SIR PETER MAXWELL DAVIES

Image, Reflection, Shadow

For instrumental ensemble

1982

37 minutes

opus

105

Dedication

Commissioned by

 

 

 

Scoring

Flute (+ piccolo and alto flute), clarinet in A (+ bass clarinet), cimbalom, piano, violin, cello

Sections

1. Adagio
2. Allegro
3. Lento; Allegro



Synopsis

Composer Notes

Programme Notes

Short Note by Paul Griffiths

This is a companion piece to ‘Ave Maris Stella’ in being a major work of unconducted chamber music for The Fires of London. But the marimba is replaced at the centre by the jangling sound of the cimbalom, and the music generally is of a more exuberant and extrovert, even dance-like character. The title does not refer to the three movements – which are a lyrical opening, a scherzo and a quick finale emerging out of a slow movement – but rather to the play throughout of mirror and copy, not least in the writing for three duos of strings, woodwinds and piano/percussion.

Extended Note by Stephen Pruslin

‘Ave Maris Stella’ suggested a rich ground for further exploration. Seven years later, Maxwell Davies reaped his own harvest in Image, Reflection, Shadow. The later work retains the premise of unconducted performance but arrives at a sound-picture of vastly increased effloresence.

As in’ Ave Maris’, the instrumental sextet of Image is often divided into three duos, flute/clarinet, violin/cello, and piano/percussion, with the bright-toned marimba now replaced by the plangent cimbalom of the traditional Hungarian gypsy band. Again, the pitched percussion instrument figures equally and very largely in the musical argument, and again, together with its partner the piano, it faces the highest instrumental hurdles, while the meeting of rhythmic demands is shared among the six players, and constitutes the work’s ultimate virtuosity. The legitimate question of whether the cimbalom’s music constitutes a solo part can for once be correctly answered both yes and no. It is in essence a concertante part, which dominates through its unusual timbre and by virtue of its two cadenzas. However, to infer that the cimbalom is a leading voice whenever it plays would not only be unjust to the collective performing enterprise, but would seriously misrepresent the work’s musical layering.

Although it enhances our experience of Image, Reflection, Shadow to hear it as a ‘sequel’ to ‘Ave Maris Stella’, the two works are at the same time unmistakably different in character. Despite the presence of much fast and dynamic music, ‘Ave Maris’ is an inward-looking work, a meditation on time and death. Image is altogether more extrovert, its slow music luminous rather than elegiac, its fast music perky rather than violent. Maxwell Davies has enshrined the relationship between the two works inside the music itself: at the end of the lyrical first movement of Image, he refers to the climax of the earlier work, in which a long, deeply ‘inhaled’ ostinato passage finally explodes with shattering intensity. But this re-experiencing is also an exorcism, after which the work can follow its own course.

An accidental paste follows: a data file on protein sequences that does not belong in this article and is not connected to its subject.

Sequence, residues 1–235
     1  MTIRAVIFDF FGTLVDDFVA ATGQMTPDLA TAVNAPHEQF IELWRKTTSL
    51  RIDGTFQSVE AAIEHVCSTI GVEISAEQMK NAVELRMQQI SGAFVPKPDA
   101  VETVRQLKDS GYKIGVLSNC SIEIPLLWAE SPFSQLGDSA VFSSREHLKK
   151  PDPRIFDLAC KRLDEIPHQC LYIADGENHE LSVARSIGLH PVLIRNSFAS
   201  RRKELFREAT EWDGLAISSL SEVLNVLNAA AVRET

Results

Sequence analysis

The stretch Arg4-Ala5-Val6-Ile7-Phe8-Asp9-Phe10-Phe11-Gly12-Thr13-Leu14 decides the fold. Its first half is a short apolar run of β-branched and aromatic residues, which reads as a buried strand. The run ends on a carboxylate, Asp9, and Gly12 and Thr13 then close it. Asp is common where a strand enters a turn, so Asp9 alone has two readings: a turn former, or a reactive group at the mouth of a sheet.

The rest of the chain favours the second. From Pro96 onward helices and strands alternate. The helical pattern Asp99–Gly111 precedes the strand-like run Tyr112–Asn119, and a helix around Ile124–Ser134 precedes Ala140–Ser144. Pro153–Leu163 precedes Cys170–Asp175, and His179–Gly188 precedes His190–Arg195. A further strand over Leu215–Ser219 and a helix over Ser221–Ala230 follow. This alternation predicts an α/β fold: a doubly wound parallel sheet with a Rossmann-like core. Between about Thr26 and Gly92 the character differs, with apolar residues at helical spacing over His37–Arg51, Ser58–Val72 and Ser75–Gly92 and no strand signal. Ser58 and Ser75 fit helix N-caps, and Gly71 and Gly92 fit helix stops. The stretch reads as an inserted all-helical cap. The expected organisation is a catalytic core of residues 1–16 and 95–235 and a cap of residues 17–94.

With the opening of the second movement, we have a palpable sense of the music turning on its axis to reveal fresh vistas. This is a large-scale scherzo, which first peaks in a short cimbalom cadenza, then builds in an even larger arc to a huge climax. After a moment of total repose, the movement dissolves in a shadowy coda. The shift of horizon between the first and second movements took place in the silence between them, but in the third movement, a change of vista occurs during the music itself. It begins in slow and nostalgic vein, then undergoes a ‘Sibelian’ formal transformation into a fast movement whose dance-like rhythm and orgiastic coloration evokes Davies’s ballet, Salome. This main Allegro arrives at an ‘inverse’ climax in a deeply meditative candenza for the cimbalom, which then releases into a final momentum that hurls the work over a precipice. Against a background of distant resonance, the piccolo and cimbalom float up from the void to bring the work to its haunting conclusion.

The complete work was first performed by The Fires of London in a live broadcast from the 1982 Lucerne International Festival. Its title, which refers to the whole work, and not to its three component movements, relates in part to the compositional process whereby a given contour (image) often appears simultaneously in inversion (reflection), while a composite of both contours (shadow) acts as a third layer. But the title also denotes the work’s poetic ‘programme’, and is taken from a poem by the runic scholar, Charles Senior:
Calmness enclosed the island.
Cliff and cloud-measured their mass
in the windless sea.
No movement
until the lone gull
broke the spell
and glided forwards
above the still shallows
of the bay
A clear reflection
of the white wings
sped along the surface
of the silent water.
And then, obliquely,
the dark shadow moved
along the green sea floor.
In that instant
on each plane
for each elemen
the bird performed.

Image: content in still air.
Reflection: true upon still water
Shadow: living on still weed and rock.

At this moment of the changing tide
mutations of life and movement
on plant, stone and bird initiate their
mysterious rhythms.

This is a copyright note, and may not be reprinted or reproduced in any way without prior permission from the author.

 

First Performance

Municipal Theatre, Lucerne, Switzerland (at the Lucerne International Festival)

Sunday, 22 August 1982

Gregory Knowles  cimbalom